Foods to avoid for a healthy blood pressure

Foods to avoid for a healthy blood pressure

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High blood pressure is fast becoming a global issue and with more than 25% of the population being diagnosed with this lifestyle disease it is no wonder it is adding to the strain on the healthcare system.

High blood pressure leads to an increased risk of stroke and other cardiovascular issues (1), as a lifestyle condition there are several dietary factors that may be playing a role.

We always take an evidence-based approach and aim to provide you with actionable knowledge and tips to help you on your journey to optimal health.

In this article we discuss which foods should be avoided due to their effects on blood pressure.

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How food can influence blood pressure 


There are many factors involved in blood pressure regulation and a lack of physical exercise, obesity (2) and stress (3) may all cause an increase in blood pressure.

The type of foods and nutrients that you eat may also have a profound impact on blood pressure.

Blood pressure is defined as the pressure circulating blood puts on blood vessel walls.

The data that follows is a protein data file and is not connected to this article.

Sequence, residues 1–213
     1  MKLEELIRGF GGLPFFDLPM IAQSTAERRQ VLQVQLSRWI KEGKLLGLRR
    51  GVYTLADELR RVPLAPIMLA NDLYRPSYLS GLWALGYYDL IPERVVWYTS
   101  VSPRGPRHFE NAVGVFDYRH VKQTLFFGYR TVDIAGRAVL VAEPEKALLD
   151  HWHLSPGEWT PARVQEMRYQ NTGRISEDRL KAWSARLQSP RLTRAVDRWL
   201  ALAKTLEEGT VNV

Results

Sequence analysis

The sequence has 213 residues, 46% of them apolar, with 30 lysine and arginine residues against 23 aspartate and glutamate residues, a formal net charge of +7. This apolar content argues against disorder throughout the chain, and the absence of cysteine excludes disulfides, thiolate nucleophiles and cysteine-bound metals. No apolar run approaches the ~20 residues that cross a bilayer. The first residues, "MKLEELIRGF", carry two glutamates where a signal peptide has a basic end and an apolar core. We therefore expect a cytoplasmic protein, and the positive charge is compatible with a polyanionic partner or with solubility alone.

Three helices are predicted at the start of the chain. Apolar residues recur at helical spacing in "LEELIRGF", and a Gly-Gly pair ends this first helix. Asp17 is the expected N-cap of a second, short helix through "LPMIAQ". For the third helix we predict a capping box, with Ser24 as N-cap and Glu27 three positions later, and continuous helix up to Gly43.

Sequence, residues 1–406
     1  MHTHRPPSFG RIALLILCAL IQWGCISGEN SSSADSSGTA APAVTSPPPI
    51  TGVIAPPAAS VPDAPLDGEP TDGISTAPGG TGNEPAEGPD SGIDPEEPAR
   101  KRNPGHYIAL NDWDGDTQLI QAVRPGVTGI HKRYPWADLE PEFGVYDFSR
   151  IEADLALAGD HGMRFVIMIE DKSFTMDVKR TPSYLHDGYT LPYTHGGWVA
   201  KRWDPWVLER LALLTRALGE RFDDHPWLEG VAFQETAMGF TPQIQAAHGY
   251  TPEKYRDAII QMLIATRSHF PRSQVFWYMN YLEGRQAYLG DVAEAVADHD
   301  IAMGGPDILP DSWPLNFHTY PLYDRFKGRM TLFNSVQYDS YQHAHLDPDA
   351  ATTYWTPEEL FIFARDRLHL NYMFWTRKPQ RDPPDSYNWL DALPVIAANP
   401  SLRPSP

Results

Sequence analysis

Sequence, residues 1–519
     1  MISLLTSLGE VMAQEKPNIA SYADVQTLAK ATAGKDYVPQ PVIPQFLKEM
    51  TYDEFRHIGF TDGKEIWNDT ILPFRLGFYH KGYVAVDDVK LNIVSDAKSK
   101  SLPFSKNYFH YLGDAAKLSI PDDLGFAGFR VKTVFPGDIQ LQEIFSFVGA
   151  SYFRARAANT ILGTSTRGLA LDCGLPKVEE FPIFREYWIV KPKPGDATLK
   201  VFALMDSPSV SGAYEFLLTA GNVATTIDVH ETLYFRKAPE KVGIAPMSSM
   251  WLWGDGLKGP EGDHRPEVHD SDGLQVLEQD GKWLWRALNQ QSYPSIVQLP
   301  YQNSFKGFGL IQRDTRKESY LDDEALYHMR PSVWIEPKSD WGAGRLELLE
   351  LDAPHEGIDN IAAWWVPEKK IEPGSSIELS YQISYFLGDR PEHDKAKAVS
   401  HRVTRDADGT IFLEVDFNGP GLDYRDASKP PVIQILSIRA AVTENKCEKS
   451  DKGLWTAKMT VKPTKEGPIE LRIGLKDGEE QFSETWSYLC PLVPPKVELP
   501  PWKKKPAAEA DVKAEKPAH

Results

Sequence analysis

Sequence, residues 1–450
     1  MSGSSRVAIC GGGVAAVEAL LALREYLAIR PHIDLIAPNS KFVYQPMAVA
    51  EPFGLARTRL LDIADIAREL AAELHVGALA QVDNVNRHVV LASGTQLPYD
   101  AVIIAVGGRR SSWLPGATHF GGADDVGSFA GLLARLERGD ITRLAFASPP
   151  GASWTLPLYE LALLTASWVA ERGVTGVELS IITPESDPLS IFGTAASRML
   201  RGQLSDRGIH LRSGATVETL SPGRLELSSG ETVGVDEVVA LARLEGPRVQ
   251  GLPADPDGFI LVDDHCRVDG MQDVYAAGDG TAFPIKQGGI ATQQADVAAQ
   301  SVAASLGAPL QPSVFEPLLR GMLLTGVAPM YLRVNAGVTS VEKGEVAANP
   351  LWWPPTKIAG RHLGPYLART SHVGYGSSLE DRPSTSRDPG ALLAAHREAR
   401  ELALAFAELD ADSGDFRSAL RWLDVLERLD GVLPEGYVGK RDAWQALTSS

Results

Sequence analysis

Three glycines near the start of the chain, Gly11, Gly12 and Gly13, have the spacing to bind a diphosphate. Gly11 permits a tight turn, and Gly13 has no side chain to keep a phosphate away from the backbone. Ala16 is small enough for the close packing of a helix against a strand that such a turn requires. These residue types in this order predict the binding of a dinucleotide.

This is under the influence of minerals like sodium, potassium, magnesium and calcium.

Imbalances in these minerals can upset the regulation of blood vessel contraction and relaxation or cause the body to retain too much water - increasing blood volume.

Salt has high levels of sodium and is known to increase water retention - making the heart and arteries work harder.

When blood vessels constrict (tighten up), blood flow is restricted and so it becomes harder for blood to circulate causing blood pressure to go up.

Alcohol and caffeine are thought to affect hormones that cause blood vessels to constrict.

Blood vessel walls are made of muscle tissue and when there is damage to the blood vessel walls, such as in high levels of inflammation, this can result in deposits of fats or minerals that cause obstruction and narrowing - leading to high blood pressure.

Saturated fats (4), trans fats (5) and a diet high in sugar (6) are all thought to cause inflammation or damage to blood vessels.

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What to avoid 


 

  • Heavily processed convenience foods

These are often laden with added salt, additives and saturated or trans fats. Be wary of many ready meals, tinned and fresh soup, pizza, margarines, yeasts extracts like marmite or vegemite, bakery products and packaged snack foods and crackers.

Where possible home cooked food is best as you control exactly what goes into it. If you do choose to use sauces or ready made pastes for cooking, keep an eye out for salt levels on the label.